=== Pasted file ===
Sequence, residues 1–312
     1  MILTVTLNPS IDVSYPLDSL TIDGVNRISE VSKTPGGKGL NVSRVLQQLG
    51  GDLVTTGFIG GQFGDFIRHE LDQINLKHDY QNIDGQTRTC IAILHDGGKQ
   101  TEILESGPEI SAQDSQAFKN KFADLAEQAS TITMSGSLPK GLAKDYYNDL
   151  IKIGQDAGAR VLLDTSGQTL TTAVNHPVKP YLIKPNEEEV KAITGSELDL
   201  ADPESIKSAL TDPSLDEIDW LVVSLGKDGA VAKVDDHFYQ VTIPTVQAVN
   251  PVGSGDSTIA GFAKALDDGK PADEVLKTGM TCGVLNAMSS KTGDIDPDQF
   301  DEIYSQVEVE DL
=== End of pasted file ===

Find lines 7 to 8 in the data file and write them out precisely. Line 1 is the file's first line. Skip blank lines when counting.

   251  PVGSGDSTIA GFAKALDDGK PADEVLKTGM TCGVLNAMSS KTGDIDPDQF
   301  DEIYSQVEVE DL